Ride sharing app, Uber in the midst of the controversy surrounding the company has revealed its updated guidelines for both users and drivers.
Here are some reasons why you could lose access to Uber as a rider and what each could mean:
Damaging drivers’ or other passengers’ property: For example, damaging the car, breaking or vandalising a phone, intentionally spilling food or drink, smoking, or vomiting due to excessive alcohol consumption.
Drivers can be very careless especially when they drive other people’s car. We believe this means, if a driver is reported to have damaged an Uber Partner’s car, he or she may never get to work via Uber again, even if it is the driver’s personal car.
Physical contact with the driver or fellow riders: As our Community Guidelines make clear, you shouldn’t touch or flirt with other people in the car. As a reminder, Uber has a no sex rule. That’s no sexual conduct with drivers or fellow riders, no matter what. And you should never hit or otherwise hurt a driver or fellow passenger.
We’ve often heard stories of flirtatious drivers. If you are an Uber driver, we suggest you keep a good distance from your customers. In fact, politely request that they sit at the back to avoid any form of contact even if it is eyes.
Use of inappropriate and abusive language or gestures: For example, asking overly personal questions, using verbal threats, and making comments or gestures that are aggressive, sexual, discriminatory, or disrespectful.
Some Uber drivers are annoyingly chatty. If you are one who thinks chatting up passengers is being polite, you are dead wrong. Most passengers just need a ride to their destination safe and sound. Your conversation should be professional and restricted to things like “do I drive a little faster or slower or steady”, “Do you want music” “Do you need the AC increased”. And you ask these questions at the start of the trip and not intermittently.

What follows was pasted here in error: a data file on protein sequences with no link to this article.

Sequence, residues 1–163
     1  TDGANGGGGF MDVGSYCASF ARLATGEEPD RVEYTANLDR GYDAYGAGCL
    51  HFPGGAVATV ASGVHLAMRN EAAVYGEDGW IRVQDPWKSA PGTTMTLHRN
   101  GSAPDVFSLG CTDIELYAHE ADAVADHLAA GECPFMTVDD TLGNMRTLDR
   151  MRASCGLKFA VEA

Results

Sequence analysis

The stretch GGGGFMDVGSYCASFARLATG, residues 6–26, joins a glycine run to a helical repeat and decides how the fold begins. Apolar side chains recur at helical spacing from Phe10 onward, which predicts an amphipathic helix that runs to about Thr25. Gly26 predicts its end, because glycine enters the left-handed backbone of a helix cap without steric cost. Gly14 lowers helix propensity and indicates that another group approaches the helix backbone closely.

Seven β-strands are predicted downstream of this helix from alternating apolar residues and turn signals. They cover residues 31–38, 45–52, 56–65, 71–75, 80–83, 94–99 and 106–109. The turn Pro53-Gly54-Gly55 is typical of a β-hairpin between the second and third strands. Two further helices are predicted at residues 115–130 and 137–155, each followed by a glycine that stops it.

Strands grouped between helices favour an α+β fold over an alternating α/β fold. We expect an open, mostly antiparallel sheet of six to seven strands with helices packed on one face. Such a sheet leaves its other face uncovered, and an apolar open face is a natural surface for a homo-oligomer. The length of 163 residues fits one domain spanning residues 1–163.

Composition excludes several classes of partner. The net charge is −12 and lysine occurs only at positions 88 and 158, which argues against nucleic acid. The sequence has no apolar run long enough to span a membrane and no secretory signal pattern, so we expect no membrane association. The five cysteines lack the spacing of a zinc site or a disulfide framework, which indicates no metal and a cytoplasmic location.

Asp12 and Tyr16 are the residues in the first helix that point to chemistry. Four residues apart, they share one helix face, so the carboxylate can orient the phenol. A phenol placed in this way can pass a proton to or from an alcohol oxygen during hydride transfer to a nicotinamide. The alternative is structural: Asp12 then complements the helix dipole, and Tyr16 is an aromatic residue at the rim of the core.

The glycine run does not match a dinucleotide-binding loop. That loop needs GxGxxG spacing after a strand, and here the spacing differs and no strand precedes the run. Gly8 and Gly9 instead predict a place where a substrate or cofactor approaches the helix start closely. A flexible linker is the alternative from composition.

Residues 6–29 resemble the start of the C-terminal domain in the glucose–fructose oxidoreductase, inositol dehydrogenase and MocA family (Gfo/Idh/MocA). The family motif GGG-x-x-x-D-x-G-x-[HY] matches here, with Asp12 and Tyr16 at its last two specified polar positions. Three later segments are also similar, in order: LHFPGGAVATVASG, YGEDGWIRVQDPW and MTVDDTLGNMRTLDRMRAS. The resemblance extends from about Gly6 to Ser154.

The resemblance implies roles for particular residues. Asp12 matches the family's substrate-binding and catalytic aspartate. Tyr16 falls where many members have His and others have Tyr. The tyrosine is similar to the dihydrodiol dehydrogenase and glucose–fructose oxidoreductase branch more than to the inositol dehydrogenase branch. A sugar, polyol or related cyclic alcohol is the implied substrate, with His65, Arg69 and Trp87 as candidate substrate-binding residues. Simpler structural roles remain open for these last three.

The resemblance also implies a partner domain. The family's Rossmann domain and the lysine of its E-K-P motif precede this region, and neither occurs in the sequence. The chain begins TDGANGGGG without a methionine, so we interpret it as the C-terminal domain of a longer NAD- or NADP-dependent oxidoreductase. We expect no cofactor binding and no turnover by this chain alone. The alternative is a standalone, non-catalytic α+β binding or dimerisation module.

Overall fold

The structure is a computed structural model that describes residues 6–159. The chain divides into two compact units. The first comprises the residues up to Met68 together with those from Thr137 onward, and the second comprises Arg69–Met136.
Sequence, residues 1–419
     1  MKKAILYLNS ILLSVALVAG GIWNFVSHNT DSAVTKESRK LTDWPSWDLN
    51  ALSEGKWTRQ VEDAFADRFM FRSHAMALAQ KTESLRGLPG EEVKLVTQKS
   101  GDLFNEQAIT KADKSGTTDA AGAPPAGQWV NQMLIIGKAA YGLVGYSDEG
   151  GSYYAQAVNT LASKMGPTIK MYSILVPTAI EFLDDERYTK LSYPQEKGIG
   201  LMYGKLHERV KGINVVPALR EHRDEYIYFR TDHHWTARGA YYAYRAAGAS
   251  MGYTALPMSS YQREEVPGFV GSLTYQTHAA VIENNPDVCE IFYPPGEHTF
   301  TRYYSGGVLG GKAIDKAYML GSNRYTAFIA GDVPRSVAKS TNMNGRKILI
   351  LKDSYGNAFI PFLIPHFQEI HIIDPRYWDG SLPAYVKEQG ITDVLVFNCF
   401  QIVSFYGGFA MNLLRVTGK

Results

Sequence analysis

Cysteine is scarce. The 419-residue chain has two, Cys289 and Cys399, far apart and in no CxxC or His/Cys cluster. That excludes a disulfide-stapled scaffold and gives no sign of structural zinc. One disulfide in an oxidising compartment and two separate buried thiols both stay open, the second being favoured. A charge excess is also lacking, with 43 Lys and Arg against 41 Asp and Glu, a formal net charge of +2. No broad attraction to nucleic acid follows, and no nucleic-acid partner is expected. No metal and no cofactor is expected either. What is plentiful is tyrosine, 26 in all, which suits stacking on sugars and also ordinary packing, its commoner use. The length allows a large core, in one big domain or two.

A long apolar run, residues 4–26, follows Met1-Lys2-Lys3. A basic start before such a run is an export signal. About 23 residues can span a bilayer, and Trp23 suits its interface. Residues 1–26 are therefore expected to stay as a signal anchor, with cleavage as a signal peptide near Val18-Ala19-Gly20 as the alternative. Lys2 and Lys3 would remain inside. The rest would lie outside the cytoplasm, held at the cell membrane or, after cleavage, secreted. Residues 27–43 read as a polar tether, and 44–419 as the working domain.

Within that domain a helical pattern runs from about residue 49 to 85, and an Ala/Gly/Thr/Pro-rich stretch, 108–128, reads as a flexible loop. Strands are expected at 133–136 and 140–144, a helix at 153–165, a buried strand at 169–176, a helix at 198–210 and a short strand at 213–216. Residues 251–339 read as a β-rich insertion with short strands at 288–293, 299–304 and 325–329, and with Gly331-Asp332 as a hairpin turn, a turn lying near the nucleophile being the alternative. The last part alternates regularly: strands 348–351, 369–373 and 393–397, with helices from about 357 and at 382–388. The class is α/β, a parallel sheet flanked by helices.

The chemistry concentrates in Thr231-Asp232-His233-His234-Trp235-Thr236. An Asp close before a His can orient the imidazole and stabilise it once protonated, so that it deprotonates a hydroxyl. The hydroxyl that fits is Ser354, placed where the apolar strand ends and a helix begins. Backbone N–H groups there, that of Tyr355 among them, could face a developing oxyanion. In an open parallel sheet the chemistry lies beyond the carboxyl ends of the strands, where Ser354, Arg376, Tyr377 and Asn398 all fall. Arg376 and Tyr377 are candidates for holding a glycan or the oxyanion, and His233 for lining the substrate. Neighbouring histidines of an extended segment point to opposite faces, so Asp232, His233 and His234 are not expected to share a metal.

Unwanted contact with the driver or fellow passenger after the trip is over: For example, texting, calling, or visiting someone in person after a ride has been completed. Remember, in Australia and New Zealand you can call and text your driver directly from the Uber app without ever having to share your personal phone number. This means that your phone number stays anonymous and is never given to the driver.
Remember your passenger just needs a ride and not a friend. Never ask for a passengers number except they ask you. And when they do, never initiate a call for a ride.
Breaking the local law while using Uber: For example, bringing open containers of alcohol or drugs into the car; travelling in large groups that exceed the number of seat belts in the car; asking drivers to break local traffic laws such as speed limits; or using Uber to commit a crime, including drug and human trafficking or the sexual exploitation of children.
That you are an Uber driver does not make you above the law. Avoid the temptation of breaking traffic laws.
The ride sharing company may have been forced to revise its guidelines following complaints from several passengers about harassment from drivers and poor service. Uber has also faced backlash from drivers who felt they were not adequately protected or remunerated following the company’s decision to give riders a 40% discount. As a result, some drivers have switched to competitors like Taxify.
Founder and CEO of Uber David Kalanick recently had to step down from the company’s board at the behest of majority shareholders. The company has been enmeshed in various crisis ranging from a culture of discrimination against female staff, to allegedly stealing software from Whymo a rival startup by Google.